There are a few that stand out in any of the areas, but in general, a bit more cooperation probably would help more than hinder. Getting rid of the ideological and dick-waving flame wars of who's project is the best solution for a given problem, and seeing (and in some cases, combining) the strengths of the competition (or even, in some cases, merging products) moreso than is done now, would probably help.

    Some of the issues is that there are too many choices, which most users don't want. They want what works, and on average case, does best, not three tools that do about the same thing, but only handle a small part of that "thing" the best.

  • by somersault (912633) on Wednesday August 10, 2011 @11:11AM (#37045156) Homepage Journal

    In other news this week:

    Call Of Duty vs Battlefield - who could possibly choose? Certainly nobody could ever like both!
    Brown bread vs white - when will the madness end?
    Blondes vs brunettes vs redheads - the human race is falling apart!
    Peanut butter vs jelly - the only choice at breakfast time is to cry :'(
    Coffee vs tea - the hot beverage industry will implode if we don't just CHOOSE ONE gods-damn-it!

  • by Anonymous Coward on Wednesday August 10, 2011 @11:14AM (#37045172)

    1. This article blindly assumes that "linux on everybody's desktop" is a goal. It may be for some people, but if I had to put money on it, I'd say that 95% of linux users don't really give a damn. Linux will always be useful for them, irrespective of whether grandma can buy a desktop with linux pre-installed.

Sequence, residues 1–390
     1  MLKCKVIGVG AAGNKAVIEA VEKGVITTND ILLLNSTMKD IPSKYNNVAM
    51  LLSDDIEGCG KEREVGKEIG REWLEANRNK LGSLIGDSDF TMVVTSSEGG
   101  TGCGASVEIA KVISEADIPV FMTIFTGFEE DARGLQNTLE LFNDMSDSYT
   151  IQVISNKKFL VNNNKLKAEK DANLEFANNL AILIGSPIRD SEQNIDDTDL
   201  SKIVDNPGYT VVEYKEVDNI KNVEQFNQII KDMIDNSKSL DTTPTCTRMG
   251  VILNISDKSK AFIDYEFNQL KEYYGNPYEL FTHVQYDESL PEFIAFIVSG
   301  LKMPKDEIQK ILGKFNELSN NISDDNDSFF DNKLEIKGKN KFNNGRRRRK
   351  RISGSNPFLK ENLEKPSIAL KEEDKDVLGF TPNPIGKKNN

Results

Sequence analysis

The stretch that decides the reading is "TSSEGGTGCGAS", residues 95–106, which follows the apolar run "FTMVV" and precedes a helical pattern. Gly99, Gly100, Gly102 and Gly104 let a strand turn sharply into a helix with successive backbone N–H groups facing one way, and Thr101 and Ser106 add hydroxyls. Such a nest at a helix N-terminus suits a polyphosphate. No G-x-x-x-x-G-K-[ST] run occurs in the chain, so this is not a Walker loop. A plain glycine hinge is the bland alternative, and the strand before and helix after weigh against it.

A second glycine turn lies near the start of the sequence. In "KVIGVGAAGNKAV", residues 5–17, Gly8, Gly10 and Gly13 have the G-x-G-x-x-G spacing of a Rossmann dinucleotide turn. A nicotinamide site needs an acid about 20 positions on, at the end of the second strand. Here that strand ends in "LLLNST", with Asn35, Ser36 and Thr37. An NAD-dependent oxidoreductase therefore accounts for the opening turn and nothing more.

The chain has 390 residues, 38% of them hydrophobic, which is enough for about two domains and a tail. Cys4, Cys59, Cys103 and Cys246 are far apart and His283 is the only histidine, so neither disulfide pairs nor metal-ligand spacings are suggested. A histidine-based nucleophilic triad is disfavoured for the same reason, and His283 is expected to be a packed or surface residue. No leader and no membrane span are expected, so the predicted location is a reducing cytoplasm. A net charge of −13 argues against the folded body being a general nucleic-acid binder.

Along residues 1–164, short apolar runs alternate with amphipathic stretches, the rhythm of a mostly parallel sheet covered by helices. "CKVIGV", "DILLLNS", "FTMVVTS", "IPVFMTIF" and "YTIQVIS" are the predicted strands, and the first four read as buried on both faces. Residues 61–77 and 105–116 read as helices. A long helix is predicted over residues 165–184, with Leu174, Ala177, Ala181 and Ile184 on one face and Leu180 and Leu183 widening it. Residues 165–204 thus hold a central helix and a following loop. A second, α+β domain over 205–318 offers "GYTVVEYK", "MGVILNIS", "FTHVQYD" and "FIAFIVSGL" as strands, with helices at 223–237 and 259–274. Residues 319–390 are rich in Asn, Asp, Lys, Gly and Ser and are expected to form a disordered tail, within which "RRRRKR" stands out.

2. Linux already IS on the desktop for millions of people. It's been on my desktop for 14 years. It may not be on grandma's desktop, but again, why would I care? I use linux because it's the best tool for what I do (and also the most fun and interesting for me) not because I'm on some kind of world-domination crusade.

    Nobody asked this guy to speak for them, myself included. So I kindly suggest that he piss off.

  • Re:"May cost"?? (Score:3, Insightful)

    by h4rr4r (612664) on Wednesday August 10, 2011 @11:18AM (#37045240)

    So then my desktop does not exist?

  • Economies of scale (Score:5, Insightful)

    by tepples (727027) <tepples AT gmail DOT com> on Wednesday August 10, 2011 @11:19AM (#37045256) Homepage Journal

    It may not be on grandma's desktop, but again, why would I care?

    Developers of specialized software lack the resources to support every platform. They choose which platforms to support based on which could make the most money for them. And right now, Windows and Mac OS X have much clearer economies of scale than GNU/Linux. So if GNU/Linux isn't widespread, it won't draw a large selection of specialized software, especially in those markets that free software has historically had trouble serving [pineight.com].

  • Re:"May cost"?? (Score:3, Insightful)

    by GooberToo (74388) on Wednesday August 10, 2011 @11:24AM (#37045346)

    I keep hearing this. Oddly enough, back when Linux had 1% of the desktop market, its continued to grow on desktops.

    People seem extremely confused about what this all means. Will Linux every have 80% of the desktop market? Not likely. Is the current desktop count under reported? Extremely likely. Realistically, the year of the Linux desktop arrived years ago. As you said, 80% is some /. nerd, idiot, fantasy. Just the same, Linux likely has something between 5%-8% of the desktop market. And frankly, even 1% means the Linux desktop has arrived.